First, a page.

Note: Paperback includes map, Kindle digital version does not, suggest getting map below.
Far back in the deep and winding Fjords southeast of Juneau, the first of the glaciers that fill the mountain backbone of Alaska finally reaches the sea.
There are glaciers as far south as California, but they are high up in the Sierra Nevada. But the further north you travel, the lower the glaicers reach, until one, just east of Petersburg, finally reaches the salt water to calve icebergs big enough to become hazards to navigation.
Tracy Arm just 40 miles south of Juneau is often visited by ships. These often enter Tracy Arm around 6 a.m. so they can get to Juneau for a port call in time for passengers to go on their shore excursions. If yours does: get up early! The entrance, particularly that first right angle turn is truly spectacular, as the light can be exquisite at that time of day.
Much more than Glacier Bay with its many arms, Tracy Arm is a true fjord, carved by Sawyer Glacier that once reached all the way out to Stephens Passage. Traveling up Tracy Arm is like going back through geologic history. The fjord’s dramatic walls lose their vegetation until they become bare shining rock, shaped and ground smooth by the ice. In many places the mountains plunge vertically into the water, which is more than a thousand feet deep.
Have a look along the sides of the fjord for parallel horizonal lines or striations where stones embedded in the glacier ground their way along the walls.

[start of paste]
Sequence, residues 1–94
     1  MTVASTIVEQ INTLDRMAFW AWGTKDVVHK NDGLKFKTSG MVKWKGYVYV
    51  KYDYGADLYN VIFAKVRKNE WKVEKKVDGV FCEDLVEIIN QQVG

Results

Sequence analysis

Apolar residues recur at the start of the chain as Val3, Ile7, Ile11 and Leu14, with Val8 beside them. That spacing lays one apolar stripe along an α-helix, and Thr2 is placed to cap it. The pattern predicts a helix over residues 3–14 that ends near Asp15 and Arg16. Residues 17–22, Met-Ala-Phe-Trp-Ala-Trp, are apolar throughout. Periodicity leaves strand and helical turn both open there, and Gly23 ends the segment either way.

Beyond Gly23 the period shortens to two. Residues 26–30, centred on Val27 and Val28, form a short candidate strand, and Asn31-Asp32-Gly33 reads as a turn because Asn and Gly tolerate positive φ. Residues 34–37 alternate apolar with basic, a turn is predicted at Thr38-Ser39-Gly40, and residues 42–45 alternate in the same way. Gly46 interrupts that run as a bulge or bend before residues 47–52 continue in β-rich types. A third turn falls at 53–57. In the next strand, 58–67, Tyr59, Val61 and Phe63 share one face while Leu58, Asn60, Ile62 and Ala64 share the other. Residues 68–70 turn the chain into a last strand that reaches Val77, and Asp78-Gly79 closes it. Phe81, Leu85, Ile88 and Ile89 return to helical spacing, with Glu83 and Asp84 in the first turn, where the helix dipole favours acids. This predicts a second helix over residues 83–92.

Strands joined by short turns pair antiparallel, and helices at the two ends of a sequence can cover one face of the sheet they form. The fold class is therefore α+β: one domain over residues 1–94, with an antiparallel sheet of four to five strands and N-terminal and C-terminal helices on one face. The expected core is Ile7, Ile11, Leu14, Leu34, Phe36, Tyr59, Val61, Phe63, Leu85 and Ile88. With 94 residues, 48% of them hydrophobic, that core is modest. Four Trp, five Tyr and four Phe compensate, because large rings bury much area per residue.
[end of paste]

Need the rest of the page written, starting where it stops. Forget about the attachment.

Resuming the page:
Early glaciologist and naturalist John Muir came here in 1880 by canoe with native paddlers. Muir was genuinely moved by the power and the beauty of the glaciers, and he was able to communicate some of this enthusiasm tothe nativews who were paddling. Once, when they had paddled most of an afternoon up Tracy Arm, frustrated with the narrow and ice-choked channel, they turned yet another corner and found what he had come to seek, the glacier itself. While Muir stood in the canoe, sketching the glacier, several huge icebergs calved off, thundering into the water of the narrow fjord. “The ice mountain is well disposed toward you,” one of the native paddlers said to Muir. “He is firing his big guns to welcome you.”
When Muir visited, the face of the glacier was much closer to the mouth, west of the place where an inlet leads back to North Sawyer Glacier. Today the glacier has retreated east and north, splitting in two and becoming two separate glaciers each with its own inlet.
And it was here that I first experienced the ice with my wife and our dog, in our little 32′ fishing boat in 1972. We were so naive then. There was a recently calved iceberg twenty or thirty feet high and we jumped into our little 8′ dingy with no lifejackets and paddled so casually around it. Never understanding that such bergs, melting rapidly, were notoriously unstable and apt to capsize without warning.